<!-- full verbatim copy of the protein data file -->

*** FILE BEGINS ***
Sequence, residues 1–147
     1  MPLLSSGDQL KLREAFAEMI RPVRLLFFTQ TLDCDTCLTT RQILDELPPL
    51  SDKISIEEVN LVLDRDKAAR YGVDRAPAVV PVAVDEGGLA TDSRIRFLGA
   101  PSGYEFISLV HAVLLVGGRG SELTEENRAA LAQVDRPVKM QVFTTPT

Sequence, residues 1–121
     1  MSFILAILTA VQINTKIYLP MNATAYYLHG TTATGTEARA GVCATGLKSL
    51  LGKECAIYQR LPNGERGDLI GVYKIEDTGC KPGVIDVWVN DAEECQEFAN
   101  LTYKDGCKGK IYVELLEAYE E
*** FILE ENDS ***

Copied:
Sequence, residues 1–147
     1  MPLLSSGDQL KLREAFAEMI RPVRLLFFTQ TLDCDTCLTT RQILDELPPL
    51  SDKISIEEVN LVLDRDKAAR YGVDRAPAVV PVAVDEGGLA TDSRIRFLGA
   101  PSGYEFISLV HAVLLVGGRG SELTEENRAA LAQVDRPVKM QVFTTPT

Sequence, residues 1–121
     1  MSFILAILTA VQINTKIYLP MNATAYYLHG TTATGTEARA GVCATGLKSL
    51  LGKECAIYQR LPNGERGDLI GVYKIEDTGC KPGVIDVWVN DAEECQEFAN
   101  LTYKDGCKGK IYVELLEAYE E